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“In the last two years, we had numbers as high as six-in-10 shootings in Calgary could be linked back to organized crime. This year, the last number I saw was about 16 per cent, so less than two-in-10. But that’s in the context of the overall number of shootings have gone up, so I think it’s indicative of a different driver.”
Pandemic, opioid crisis taking toll
Neufeld described 2020 as a challenging year for CPS, with constant adjustments needed as the COVID-19 crisis swept the city.
Widespread restrictions have affected the city’s crime trends. The chief said he fears the effect will carry over to 2021, especially with daily COVID-19 case figures still trending much higher than they did during the first wave.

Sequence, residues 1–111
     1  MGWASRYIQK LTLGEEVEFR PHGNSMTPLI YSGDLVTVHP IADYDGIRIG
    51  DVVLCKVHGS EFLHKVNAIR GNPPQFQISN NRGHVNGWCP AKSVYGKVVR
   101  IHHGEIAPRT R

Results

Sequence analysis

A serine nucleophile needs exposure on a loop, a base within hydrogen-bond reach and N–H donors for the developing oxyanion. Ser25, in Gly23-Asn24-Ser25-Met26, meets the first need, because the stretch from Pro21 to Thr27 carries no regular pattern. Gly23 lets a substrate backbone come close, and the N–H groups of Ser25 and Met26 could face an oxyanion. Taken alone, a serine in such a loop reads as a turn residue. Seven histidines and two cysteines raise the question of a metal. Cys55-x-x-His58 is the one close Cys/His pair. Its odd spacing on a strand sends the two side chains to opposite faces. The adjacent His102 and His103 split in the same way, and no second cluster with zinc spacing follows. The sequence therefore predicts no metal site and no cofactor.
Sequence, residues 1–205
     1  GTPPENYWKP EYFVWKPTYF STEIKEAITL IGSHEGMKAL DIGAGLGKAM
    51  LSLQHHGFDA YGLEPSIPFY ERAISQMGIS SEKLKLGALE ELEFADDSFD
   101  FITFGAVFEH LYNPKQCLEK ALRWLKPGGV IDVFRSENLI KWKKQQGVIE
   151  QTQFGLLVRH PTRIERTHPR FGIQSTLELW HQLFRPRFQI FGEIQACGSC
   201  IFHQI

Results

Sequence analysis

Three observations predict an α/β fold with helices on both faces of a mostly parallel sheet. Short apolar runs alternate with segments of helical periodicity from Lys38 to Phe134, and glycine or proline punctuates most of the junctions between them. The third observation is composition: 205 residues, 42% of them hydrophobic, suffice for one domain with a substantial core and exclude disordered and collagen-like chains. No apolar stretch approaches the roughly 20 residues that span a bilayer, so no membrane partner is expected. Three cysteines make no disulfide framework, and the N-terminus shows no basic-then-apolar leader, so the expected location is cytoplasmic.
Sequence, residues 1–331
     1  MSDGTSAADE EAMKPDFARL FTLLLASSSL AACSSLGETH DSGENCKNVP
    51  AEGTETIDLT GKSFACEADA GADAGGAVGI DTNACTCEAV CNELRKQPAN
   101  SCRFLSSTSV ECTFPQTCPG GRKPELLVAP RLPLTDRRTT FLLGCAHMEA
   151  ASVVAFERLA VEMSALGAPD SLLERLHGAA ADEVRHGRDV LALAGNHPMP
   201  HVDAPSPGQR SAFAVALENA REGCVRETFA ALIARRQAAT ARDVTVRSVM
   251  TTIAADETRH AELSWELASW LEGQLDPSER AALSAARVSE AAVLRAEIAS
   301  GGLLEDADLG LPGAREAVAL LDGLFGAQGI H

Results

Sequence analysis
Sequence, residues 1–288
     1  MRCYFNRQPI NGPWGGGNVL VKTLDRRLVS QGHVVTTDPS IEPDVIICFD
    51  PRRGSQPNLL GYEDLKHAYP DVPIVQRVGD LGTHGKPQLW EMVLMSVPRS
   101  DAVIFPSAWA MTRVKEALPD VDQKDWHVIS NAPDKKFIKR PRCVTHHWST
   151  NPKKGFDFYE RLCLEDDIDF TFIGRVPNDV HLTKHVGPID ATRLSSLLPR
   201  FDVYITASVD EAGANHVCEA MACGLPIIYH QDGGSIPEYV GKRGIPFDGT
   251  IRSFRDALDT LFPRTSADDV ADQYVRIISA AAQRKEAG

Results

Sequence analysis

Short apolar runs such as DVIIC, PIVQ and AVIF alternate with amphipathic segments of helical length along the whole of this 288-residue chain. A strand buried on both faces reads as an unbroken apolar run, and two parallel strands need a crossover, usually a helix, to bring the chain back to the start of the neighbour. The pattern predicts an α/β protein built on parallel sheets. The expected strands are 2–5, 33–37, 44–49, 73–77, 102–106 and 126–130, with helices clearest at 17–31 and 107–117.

“I am concerned about the mental-health hangover of the pandemic, whenever it ends,” Neufeld said.
“We’re feeling all now like there’s a light at the end of the tunnel, but COVID-19 will still be with us for a while into 2021 and we’ll have to continue to manage those impacts and support Calgarians and our own police service through that.”
Calgary police commission chair Bonita Croft said the civilian oversight body is proud of how CPS “stepped up” as it faced new challenges in 2020.
“Nobody could have predicted what has happened with COVID-19 during the past year,” she said.
“The Calgary Police Service, more than most of us, have had to pivot while adapting to what it needed to do differently during the pandemic . . . while taking on even more risks to themselves and risks to their own families.”